Synopsis – An adaptation of the 1957 musical, West Side Story explores forbidden love and the rivalry between the Jets and the Sharks, two teenage street gangs of different ethnic backgrounds.
My Take – It is an inevitable reality that at some point ever classic film would have been remade or rebooted, no matter if the demand ever arises. And since we know that this is going to happen, it is better to see it done at the hands of cinematic auteur like Steven Spielberg.
Who while teaming up once again with screenwriter Tony Kushner, following Munich, Lincoln and the upcoming The Fabelmans, for his 35th directorial and his first musical has taken on to helm the second feature-length adaptation of the 1957 stage musical West Side Story, the first adaption being the 1961 film, which was awarded 10 Oscars, including Best Picture, and has remained something of a cultural phenomenon in the decades since. A daunting task to upstage even for a filmmaker of Steven Spielberg‘s stature.
However, though director Spielberg’s 2021 adaptation possesses everything a good looking musical needs from brilliant choreography to fantastic musical performances and glitter, it ends up lacking the charm, and the earthiness of the far superior 1961 iteration. All the while also never treading into any groundbreaking territory. Don’t get me wrong, the film is fairly entertaining and fairly decent, but that’s about it.
It does shake things up a bit by switching the singers of some of the songs, and altering a role for Rita Moreno, who won an Oscar for her role as Anita in the 1961 original. However, if you are familiar with the play or the original film, there’s really nothing that will surprise you with this faithful remake.
Set in 1957, the story follows Tony (Ansel Elgort), the former leader of the Jets, a white gang, who is attempting to find a new path for his life after spending a year in prison for nearly killing an Egyptian immigrant in a rumble, and Maria (Rachel Zegler), a bright-eyed Puerto Rican who is the sister of the Shark’s leader Bernardo (David Alvarez), a Puerto Rican gang, who are immediately drawn to each other after catching eyes across a crowded gymnasium floor at a local dance.
However, their relationship is doomed from the beginning though, with the surrounding conflict between street gangs the Jets led by Riff (Mike Faist) and the Sharks weighing down any chance for their love to blossom, as their moment lights the candle for a big rumble.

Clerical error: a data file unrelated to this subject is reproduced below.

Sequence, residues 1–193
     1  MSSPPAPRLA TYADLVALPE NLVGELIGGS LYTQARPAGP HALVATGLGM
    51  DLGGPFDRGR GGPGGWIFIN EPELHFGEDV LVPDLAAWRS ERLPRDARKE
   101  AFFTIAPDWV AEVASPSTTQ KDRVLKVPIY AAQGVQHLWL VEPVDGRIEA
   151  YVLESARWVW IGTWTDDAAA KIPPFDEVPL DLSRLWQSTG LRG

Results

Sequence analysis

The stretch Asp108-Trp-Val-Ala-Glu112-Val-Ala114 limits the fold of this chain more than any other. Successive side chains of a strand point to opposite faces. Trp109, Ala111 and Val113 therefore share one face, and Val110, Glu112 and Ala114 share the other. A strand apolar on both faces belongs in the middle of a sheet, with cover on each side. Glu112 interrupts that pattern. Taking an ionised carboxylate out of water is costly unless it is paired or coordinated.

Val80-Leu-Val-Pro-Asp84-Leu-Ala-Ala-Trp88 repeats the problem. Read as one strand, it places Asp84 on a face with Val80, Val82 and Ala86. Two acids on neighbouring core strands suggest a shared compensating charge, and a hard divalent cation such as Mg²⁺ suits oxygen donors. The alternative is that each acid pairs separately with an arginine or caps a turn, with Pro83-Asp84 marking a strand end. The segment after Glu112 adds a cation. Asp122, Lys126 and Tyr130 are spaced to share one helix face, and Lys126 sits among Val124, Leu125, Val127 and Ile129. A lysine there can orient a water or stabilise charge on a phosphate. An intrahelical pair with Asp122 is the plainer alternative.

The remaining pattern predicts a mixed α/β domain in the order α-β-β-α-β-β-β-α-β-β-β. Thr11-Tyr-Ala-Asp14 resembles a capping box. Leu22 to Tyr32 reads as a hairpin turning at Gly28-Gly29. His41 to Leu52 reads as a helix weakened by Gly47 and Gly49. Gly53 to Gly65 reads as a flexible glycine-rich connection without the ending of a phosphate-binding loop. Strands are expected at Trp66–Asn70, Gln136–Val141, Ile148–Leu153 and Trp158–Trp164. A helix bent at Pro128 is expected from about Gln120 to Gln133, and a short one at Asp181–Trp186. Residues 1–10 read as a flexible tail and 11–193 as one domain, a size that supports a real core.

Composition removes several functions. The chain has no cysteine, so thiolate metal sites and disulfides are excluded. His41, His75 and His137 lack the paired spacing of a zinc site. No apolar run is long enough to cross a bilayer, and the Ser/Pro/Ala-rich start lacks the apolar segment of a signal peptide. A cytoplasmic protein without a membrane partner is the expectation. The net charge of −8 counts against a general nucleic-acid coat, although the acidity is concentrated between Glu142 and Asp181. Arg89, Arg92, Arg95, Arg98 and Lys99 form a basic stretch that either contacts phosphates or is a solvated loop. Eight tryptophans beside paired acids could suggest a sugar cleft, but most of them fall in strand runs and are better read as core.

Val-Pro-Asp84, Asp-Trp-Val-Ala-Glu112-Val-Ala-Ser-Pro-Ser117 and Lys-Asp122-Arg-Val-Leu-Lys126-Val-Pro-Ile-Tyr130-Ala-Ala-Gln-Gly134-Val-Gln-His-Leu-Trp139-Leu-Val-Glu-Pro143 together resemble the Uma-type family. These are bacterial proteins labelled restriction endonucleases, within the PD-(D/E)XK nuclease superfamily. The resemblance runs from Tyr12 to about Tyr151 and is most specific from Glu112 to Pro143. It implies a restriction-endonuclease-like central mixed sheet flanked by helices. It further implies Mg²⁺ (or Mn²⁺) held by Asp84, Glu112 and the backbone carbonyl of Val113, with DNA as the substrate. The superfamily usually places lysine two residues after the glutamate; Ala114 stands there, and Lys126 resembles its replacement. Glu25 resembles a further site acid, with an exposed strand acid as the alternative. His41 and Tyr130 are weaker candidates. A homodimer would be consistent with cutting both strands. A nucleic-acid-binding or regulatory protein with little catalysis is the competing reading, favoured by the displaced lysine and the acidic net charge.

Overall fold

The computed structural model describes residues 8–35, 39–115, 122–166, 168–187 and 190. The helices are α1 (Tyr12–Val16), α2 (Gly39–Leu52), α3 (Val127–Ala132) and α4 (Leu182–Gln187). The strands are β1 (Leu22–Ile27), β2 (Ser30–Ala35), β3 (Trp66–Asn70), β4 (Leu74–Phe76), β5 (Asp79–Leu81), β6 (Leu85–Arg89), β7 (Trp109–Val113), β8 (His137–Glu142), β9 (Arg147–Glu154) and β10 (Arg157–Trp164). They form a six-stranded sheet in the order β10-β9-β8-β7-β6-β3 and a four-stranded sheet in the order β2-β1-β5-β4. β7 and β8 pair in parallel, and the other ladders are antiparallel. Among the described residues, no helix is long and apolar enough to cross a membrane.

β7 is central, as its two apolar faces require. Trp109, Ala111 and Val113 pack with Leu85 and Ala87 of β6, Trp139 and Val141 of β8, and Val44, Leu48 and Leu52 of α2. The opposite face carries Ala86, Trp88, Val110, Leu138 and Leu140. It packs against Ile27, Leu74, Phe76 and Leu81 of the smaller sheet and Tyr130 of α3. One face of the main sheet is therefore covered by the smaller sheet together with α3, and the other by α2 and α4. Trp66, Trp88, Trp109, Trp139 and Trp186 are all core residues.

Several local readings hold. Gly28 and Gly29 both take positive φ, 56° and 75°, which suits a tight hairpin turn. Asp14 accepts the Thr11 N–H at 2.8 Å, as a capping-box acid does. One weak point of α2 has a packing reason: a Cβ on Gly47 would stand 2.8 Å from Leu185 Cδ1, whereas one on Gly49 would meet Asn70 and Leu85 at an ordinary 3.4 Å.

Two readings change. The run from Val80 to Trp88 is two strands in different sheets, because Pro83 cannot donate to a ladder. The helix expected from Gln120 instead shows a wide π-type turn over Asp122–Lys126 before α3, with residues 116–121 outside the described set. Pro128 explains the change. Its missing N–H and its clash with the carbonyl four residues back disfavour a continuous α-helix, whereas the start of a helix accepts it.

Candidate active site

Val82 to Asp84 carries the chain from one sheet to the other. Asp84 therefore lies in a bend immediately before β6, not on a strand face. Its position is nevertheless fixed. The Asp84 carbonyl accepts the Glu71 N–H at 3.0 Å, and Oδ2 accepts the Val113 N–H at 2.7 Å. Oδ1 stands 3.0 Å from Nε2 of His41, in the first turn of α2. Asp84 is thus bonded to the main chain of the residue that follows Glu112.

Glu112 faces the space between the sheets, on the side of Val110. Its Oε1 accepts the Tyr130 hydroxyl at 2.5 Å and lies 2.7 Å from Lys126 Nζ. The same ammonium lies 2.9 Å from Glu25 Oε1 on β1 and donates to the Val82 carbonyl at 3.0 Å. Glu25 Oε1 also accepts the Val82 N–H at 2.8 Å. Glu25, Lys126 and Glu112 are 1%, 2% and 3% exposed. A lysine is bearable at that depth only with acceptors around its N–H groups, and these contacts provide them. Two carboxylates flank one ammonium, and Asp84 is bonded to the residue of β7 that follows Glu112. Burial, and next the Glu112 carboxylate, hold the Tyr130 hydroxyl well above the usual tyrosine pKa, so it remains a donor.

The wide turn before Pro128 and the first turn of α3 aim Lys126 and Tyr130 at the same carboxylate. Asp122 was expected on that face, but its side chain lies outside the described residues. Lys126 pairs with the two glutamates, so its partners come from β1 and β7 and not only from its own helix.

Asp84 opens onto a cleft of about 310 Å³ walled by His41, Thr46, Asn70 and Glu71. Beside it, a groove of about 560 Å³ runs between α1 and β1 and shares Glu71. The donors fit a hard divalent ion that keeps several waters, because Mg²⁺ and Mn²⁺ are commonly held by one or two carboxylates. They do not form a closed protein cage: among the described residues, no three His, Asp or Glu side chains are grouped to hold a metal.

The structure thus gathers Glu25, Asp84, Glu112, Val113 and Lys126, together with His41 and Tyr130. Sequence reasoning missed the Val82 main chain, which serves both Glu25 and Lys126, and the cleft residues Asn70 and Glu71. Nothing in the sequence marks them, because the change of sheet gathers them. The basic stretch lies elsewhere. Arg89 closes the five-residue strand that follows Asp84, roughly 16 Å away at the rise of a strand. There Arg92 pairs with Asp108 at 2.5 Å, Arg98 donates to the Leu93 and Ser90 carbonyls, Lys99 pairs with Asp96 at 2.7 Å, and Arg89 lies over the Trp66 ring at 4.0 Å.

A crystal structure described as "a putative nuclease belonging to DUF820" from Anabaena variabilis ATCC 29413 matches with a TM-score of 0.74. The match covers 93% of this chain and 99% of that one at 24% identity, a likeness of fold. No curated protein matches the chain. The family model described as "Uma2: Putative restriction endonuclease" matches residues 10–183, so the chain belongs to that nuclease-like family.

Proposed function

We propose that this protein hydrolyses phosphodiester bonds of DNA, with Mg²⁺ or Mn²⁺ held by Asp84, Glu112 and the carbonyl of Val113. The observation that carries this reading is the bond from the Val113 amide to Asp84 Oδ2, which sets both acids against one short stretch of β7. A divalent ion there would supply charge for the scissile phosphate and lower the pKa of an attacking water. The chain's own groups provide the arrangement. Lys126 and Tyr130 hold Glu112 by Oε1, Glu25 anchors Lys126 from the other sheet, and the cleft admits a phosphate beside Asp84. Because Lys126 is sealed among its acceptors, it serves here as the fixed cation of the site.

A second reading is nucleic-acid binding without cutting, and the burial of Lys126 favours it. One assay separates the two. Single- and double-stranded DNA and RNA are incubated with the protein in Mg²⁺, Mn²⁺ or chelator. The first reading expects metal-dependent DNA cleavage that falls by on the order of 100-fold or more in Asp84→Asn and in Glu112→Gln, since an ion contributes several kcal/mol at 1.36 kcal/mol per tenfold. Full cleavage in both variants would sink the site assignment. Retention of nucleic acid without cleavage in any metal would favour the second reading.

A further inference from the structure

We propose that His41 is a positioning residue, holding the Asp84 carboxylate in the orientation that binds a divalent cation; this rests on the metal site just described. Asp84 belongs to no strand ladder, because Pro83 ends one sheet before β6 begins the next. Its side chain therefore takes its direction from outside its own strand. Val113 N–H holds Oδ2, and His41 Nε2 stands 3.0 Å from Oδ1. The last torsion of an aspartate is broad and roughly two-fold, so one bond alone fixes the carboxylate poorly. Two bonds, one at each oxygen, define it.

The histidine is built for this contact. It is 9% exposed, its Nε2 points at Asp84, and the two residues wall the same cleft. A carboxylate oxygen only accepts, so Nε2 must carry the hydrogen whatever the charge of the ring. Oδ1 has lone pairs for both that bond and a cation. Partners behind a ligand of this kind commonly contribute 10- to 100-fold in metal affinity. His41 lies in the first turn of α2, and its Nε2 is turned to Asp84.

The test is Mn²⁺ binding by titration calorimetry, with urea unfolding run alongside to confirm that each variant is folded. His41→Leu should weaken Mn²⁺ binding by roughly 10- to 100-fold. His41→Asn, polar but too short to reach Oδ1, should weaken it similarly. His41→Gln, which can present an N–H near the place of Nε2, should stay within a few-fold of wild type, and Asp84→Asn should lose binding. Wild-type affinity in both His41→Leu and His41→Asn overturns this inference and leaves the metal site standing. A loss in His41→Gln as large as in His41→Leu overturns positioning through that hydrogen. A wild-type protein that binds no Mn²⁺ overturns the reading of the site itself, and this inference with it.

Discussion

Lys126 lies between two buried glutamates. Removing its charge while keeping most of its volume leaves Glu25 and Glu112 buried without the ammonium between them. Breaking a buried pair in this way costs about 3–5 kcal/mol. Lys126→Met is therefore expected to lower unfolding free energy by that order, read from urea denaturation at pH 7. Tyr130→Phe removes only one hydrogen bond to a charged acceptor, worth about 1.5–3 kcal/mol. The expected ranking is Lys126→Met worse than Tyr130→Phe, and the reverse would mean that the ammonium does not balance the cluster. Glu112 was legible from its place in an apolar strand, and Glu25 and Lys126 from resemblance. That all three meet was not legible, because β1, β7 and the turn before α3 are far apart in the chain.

Though its mammoth 156 minute running time is sometimes felt, particularly in the film’s middle half, director Spielberg’s ability to keep us hooked remains untouched. This is a gorgeous, specific-looking film that retains Leonard Bernstein’s jagged, urgent, catchy music and Stephen Sondheim’s tricky lyrics to express the story’s big emotions.
The characters too remain what they were in the first film, however, the Puerto Rican characters get most of the new focus. In a crucial update in the casting, replacing the 1961 version’s Sharks, mostly white and non-Latinx actors, with an all-Latinx cast, and pack significant scenes with non-subtitle Spanish dialogue to establish a setting and culture without alienating English speakers.
But despite these cosmetic changes, the remake remains light on social and political depth. Here, screenwriter Tony Kushner slightly updates some of the dialogue to highlight contemporary discourse about ethnic conflict, economic uncertainty, and police violence in America. It weaves these themes using the Romeo and Juliet story line as the backbone, but its interpretation of the story within the underlying civil unrest of the 1950s is underdeveloped.
However, what surprises well is the brand new character thrown in, played spiritedly by 90-year-old Rita Moreno, who delivers a speech attacking a shaming a roomful of Jets, a strained bit of Me Too oratory injected to make the film relevant to today.
The film has a stacked list of actors, who all mostly perform well. Screen newcomer Rachel Zegler, who landed the lead role of Maria from an open casting call, and whose vibrantly natural performance almost single handedly justifies this re-imagining. Ansel Elgort is fine for the most part, and there are times where they work well on screen together, but he is overshadowed by Zegler for most of the film.
In supporting turns, Rita Moreno, Araina DeBose, David Alvarez, Mike Faist, Josh Andres Rivera, Iris Menas, Ana Isabelle, Brian d’Arcy James, and Corey Stoll are excellent. They are some over-the-top performances, but it works well given the context of the story. They’re melodramatic in just the right way. On the whole, ‘West Side Story’ is a fairly entertaining remake that is fun and melodramatic.
Directed – Steven Spielberg
Rated – PG13
Run Time – 156 minutes